Skip to comments.New Thoughts on Neanderthals' Diet
Posted on 01/04/2019 1:38:06 PM PST by SunkenCiv
The levels of nitrogen-15 in Neanderthal bones are so high that they suggest the early human relatives ate more meat than do carnivores such as hyenas. According to a Science News report, paleobiologist Kimberly Foecke of George Washington University thinks those high levels of nitrogen-15 might be due to the condition of the meat that Neanderthals consumed. To check the levels of nitrogen in rotting meat, Foecke left steaks cut from animals that had been raised without hormones or antibiotics outside in a box covered with mesh, and sampled them daily for 16 days. Preliminary results suggest that the levels of nitrogen-15 fluctuated as the meat rotted, and increased during the first week, while the meat was still moist. Foecke says that could account for the high levels of nitrogen-15 found in Neanderthal remains, since the carcass of a large animal might have fed a Neanderthal group for several days. She will next test what happens to the levels of nitrogen-15 in cooked and smoked meats over time.
(Excerpt) Read more at archaeology.org ...
a good one for the weekly digest ping.
So, dry aged steaks from organically raised cattle will make you into a neanderthal?
A Traditional Neanderthal Home | Zach Zorich | March/April 2017
Rising out of the English Channel on the island of Jersey is one of the longest-occupied Neanderthal sites in the world. "La Cotte de Saint Brelade is this mega-site, a massive, deeply ravined granite headland on the far corner of northwest Europe providing a record spanning more than 200,000 years," says Matthew Pope, a geoarchaeologist at University College London. The question that Pope and the Crossing the Threshold project research team is asking is what makes a site like La Cotte a "persistent" place? Why was this location occupied across millennia, even as the environmental conditions changed? There are several possible answers the team is investigating.
When Neanderthals lived at the site, between 240,000 and 40,000 years ago, the English Channel was dry land and the granite rock formation may have been an important landmark. According to Pope, around this time, hominins started to use fire regularly, and innovated new tool technologies and hunting practices. This may have pushed Neanderthals to start thinking differently about how they used the resources of the landscapes around them and changed how they thought about the places they called home.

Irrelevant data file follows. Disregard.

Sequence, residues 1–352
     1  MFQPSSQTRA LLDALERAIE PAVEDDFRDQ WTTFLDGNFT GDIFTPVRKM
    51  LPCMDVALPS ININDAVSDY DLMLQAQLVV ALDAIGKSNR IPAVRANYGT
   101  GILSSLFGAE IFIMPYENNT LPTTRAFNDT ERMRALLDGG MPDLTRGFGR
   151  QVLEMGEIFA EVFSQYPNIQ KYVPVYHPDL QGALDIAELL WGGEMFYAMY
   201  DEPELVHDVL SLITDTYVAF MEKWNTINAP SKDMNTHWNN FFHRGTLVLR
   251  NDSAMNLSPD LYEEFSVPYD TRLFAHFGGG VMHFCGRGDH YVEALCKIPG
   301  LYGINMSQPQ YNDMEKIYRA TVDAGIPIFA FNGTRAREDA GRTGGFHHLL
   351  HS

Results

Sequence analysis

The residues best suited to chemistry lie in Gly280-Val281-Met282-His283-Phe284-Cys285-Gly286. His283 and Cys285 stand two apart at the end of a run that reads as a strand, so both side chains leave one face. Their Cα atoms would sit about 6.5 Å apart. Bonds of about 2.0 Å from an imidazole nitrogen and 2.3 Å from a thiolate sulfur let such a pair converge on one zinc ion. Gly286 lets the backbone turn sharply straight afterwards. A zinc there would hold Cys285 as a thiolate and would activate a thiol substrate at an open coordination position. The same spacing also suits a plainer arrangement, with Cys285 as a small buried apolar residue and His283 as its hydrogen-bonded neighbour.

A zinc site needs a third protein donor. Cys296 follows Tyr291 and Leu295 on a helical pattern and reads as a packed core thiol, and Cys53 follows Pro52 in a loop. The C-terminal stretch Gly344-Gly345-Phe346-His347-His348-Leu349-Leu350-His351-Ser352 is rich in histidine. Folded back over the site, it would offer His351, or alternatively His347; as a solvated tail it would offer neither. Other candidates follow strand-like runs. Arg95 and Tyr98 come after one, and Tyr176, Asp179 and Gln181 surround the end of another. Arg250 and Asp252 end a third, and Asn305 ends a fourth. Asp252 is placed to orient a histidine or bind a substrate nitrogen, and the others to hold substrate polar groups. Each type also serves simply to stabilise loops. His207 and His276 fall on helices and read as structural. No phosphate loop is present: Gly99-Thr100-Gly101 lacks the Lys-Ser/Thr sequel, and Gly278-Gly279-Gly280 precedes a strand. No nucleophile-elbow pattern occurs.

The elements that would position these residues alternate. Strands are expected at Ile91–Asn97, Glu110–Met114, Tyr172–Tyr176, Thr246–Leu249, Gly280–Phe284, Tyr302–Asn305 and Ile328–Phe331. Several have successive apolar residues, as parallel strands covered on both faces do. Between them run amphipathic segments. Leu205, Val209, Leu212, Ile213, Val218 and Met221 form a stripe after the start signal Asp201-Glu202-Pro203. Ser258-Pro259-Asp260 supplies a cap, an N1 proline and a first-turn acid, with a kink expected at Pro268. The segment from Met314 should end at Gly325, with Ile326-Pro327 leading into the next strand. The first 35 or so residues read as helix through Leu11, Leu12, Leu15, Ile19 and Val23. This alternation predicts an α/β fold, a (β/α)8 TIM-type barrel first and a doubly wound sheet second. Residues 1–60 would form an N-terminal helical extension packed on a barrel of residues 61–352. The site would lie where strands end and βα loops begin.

My mouth is watering.
What, you mean, no Big Macs, or Whoppers??? Or Wendy’s Double Cheeseburgers????
More than what the ancient people ate, more important is to know how often they ate. They did not have stocks of ready to eat foods sitting in the fridge. Daily search for food most likely began at dawn, and by the time they found and killed an animal and dragged the carcass back to the cave to be butchered -or- found enough fruits and root vegetables was several hours later. And after they had eaten a belly full that was most likely well into late afternoon and was probably the last and only meal of the day.
If this ritual went on for a million years or so before agriculture was invented about 15,000 years ago, human genes have 98.5% cave man genes.
So..follow your genes, walk a lot every day and eat a lot in a short period of time every day for the best chance of avoiding modern man diseases like diabetes, heart disease and joint pains.
That kills my Neanderthal Vegan Fine Dining plan.
“[...] suggest the early human relatives ate more meat than do carnivores [...]”
Stopped reading right there. That statement makes no sense at at all. Where did editing disappear to?
Beef tips with mango chutney, penne pasta and a bottle Merlot.
Europeans like to hang their meat until the fly lava tenderize it then they scrape off the green goo. Likely also has high levels of N-15. Nothing has changed. The meat is really good by the way.
If you are a caveman with a spear, I don’t think you would try to dig a garden with it. Other than some wild plants or berries they knew about, what else would you expect them to eat?
No food pyramid...
Did they have a way of preserving meat?
Homo sapien is only skin deep;
Neanderthal goes to the bone.
Plus if you have that much nitrogen-15,
you speak with a New Jersey accent.
No even a ... sniff ... Filet ‘O Fish sandwich to tide them over...
Damn... rough living, for sure...
Hey, no nanny state to tell them what they can and can’t eat.
“...no nanny state...”
WHAT??? YOU MEAN ... GASP ... NO ARUGULA?????
The horror.... the horror ... the horror....
Nope, which is why they gorged on the meat when it was available. Then starved for several days. Which is very good for your body.
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